For parents who really take the education of their child seriously…
The cartoon above is from Alexander Russo’s blog ‘This Week In Education.’
Some educators complain about the so-called “helicopter parents,” but I’d rather have an over-informed and over-involved parent than someone who has no knowledge whatsoever about how their child is doing at school. We have students for 7 hours a day at school. Mom and Dad (or other important people at home) are in charge for the other 17 hours. That bridge between home and school is so important, and there needs to be a strong link of communication between the two places to share all the news (the good, the bad, and the ugly) about the education of the child. To me that link needs to be primarily established and maintained by those of us at school. Parents and teachers should be in contact at least weekly, no matter the form of communication. A teacher should find out at the beginning of the year how to best contact each parent in their class, establish that method, and then follow through on a regular schedule so parents learn to expect these communiques.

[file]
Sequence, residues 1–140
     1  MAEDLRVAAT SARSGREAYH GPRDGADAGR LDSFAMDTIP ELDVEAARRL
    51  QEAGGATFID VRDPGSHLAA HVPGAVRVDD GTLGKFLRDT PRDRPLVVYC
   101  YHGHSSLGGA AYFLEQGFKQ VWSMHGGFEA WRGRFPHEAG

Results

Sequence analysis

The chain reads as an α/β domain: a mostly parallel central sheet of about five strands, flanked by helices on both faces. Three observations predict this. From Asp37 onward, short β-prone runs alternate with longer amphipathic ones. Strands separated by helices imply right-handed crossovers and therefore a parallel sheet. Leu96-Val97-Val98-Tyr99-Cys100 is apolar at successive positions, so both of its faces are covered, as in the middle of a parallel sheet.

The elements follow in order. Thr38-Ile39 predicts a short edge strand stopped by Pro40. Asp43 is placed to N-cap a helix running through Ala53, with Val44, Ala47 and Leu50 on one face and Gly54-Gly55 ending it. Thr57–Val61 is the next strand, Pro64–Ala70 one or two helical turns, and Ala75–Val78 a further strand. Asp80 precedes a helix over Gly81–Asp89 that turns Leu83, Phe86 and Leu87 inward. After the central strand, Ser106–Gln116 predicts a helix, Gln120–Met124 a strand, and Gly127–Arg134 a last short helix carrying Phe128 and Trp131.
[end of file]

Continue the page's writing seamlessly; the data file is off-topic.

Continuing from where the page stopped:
As a parent, it’s not intimidating to receive the weekly update from your child’s teachers, but it can be very unnerving to only hear from the teacher when there are issues and problems with your child. I’m a parent of two young children myself and know that each day won’t be perfect for them. I learn a lot about my kids every day, and I learn even more when they have struggles and face obstacles. I greatly appreciate the times when their teachers have sent an email or note or picked up the phone to share one of those “I thought you’d want to know…” pieces of information. As a principal, I’ve never had a parent tell me, “You know, your staff tells me way too much about my child.” As long as we are truthful and sincere, I don’t think we ever will.
I’ve never had a meeting with the custodial staff of my kids’ schools, but maybe I’ll give them a call tomorrow… 😉